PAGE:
One case that cannot be ignored on something called the Appraiser Law Blog is Gibson, et al. v. Credit Suisse, Cushman & Wakefield, et al. Even though the plaintiffs’ claims in my view just amount to buyer’s remorse following a deflated real estate price bubble, the case needs to be recognized because:
- It is an ugly reflection of what is happening to the appraisal profession with liabilities being pushed on appraisers as the result of an epidemic of buyer’s and lender’s remorse.
- The case shows how little the appraisal concepts of “client,” “intended user” and “intended use” mean when an appraiser becomes a defendant to third party claims — here, the plaintiffs suing the appraisal firm are parties who purchased properties in developments built or marketed by developers who borrowed money from the appraisal firm’s true client.
- It also reflects the general willingness of appraisers to turn on their colleagues with reviews and testimony against defendant appraisers who delivered appraisals at the height of the bubble years — even to the point of advocating that far-removed third parties like the plaintiffs in this case were “intended users” and have valid legal claims, while forgetting that they themselves may be the next defendants.
- The case is the biggest litigation ever against appraiser defendants in terms of alleged damages – the damages sought in the initial complaint were $24 billion. Now, they are $8 billion because the court previously dismissed claims that might have supported treble damages.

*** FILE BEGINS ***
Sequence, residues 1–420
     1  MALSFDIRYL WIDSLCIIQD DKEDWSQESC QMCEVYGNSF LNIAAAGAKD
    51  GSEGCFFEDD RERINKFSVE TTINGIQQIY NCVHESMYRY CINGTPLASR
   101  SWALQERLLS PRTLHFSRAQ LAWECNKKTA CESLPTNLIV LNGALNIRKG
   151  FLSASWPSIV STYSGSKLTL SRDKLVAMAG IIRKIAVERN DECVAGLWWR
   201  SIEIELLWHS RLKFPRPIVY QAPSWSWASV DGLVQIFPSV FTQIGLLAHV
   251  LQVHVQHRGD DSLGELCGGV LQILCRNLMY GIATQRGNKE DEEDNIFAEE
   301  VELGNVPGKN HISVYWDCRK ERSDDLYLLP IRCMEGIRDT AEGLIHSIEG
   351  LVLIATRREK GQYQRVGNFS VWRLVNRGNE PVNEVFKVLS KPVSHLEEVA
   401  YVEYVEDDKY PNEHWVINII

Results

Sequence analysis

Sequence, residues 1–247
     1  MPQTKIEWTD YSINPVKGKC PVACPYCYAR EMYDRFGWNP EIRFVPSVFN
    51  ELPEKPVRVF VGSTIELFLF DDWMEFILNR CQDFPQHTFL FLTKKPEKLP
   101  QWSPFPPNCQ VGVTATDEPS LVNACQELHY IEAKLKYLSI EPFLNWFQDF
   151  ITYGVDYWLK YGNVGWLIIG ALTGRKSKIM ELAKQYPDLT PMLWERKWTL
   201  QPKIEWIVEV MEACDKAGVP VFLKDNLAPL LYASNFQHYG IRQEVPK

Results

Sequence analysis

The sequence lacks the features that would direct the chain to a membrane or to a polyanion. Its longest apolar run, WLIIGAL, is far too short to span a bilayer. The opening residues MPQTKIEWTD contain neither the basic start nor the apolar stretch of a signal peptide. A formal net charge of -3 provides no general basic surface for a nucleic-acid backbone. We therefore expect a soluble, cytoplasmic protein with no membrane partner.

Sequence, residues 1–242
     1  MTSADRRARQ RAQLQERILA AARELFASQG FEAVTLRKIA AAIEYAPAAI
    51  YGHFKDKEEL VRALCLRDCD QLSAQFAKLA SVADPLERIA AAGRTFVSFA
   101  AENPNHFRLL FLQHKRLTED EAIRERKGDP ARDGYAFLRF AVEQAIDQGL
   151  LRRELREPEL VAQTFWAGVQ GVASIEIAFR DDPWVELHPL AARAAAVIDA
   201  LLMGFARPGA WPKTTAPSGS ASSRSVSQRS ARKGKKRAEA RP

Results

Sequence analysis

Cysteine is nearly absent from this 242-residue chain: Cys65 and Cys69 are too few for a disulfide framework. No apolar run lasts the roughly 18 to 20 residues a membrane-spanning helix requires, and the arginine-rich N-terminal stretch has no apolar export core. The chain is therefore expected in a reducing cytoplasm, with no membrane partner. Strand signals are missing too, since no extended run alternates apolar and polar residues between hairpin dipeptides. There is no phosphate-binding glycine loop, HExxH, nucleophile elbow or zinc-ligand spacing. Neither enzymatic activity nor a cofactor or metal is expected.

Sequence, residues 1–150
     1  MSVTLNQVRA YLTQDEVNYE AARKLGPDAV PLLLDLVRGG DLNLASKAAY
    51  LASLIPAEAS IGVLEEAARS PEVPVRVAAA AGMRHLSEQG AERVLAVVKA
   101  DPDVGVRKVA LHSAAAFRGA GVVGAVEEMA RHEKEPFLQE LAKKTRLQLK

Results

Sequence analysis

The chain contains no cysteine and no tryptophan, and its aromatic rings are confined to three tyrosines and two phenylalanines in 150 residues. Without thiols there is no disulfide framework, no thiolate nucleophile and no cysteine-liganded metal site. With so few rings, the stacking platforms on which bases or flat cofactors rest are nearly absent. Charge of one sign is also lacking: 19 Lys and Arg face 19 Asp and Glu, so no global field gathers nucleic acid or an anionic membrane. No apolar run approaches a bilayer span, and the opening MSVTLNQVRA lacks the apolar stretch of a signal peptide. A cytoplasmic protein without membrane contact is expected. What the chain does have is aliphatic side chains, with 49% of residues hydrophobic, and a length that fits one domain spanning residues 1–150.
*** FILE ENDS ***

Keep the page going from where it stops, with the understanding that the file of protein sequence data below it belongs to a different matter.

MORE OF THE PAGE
The current status of the case is that the trial court judge was considering defendants’ motions to dismiss the plaintiffs’ Third Amended Complaint and considering the recommendations made by the magistrate judge on those motions. Judge Lodge issued a ruling on the motions on March 30, 2012. The sum of his ruling as far as it affects the appraisal defendant Cushman & Wakefield is that plaintiffs will be permitted to go forward on their class-action alleged claims of negligence and tortious interference against the firm and that certain of the individual plaintiffs will be permitted to go forward with claims about fraud and negligent misrepresentation. The case will now proceed with discovery and preparation for trial, though we can anticipate that the defendants will file motions for summary judgment, which will be given serious consideration by the trial court, given that it expressed hints about the weakness of plaintiffs’ support for their claims. In any event, I have no doubt that several million dollars will be spent on the appraisal firm’s legal defense.
This was Judge Lodge’s ruling on Cushman & Wakefield’s motion to dismiss:
Peter Christensen is an attorney who advises professionals and businesses about legal and regulatory issues concerning valuation and insurance. He serves as general counsel to LIA Administrators & Insurance Services. He can be reached at email@example.com.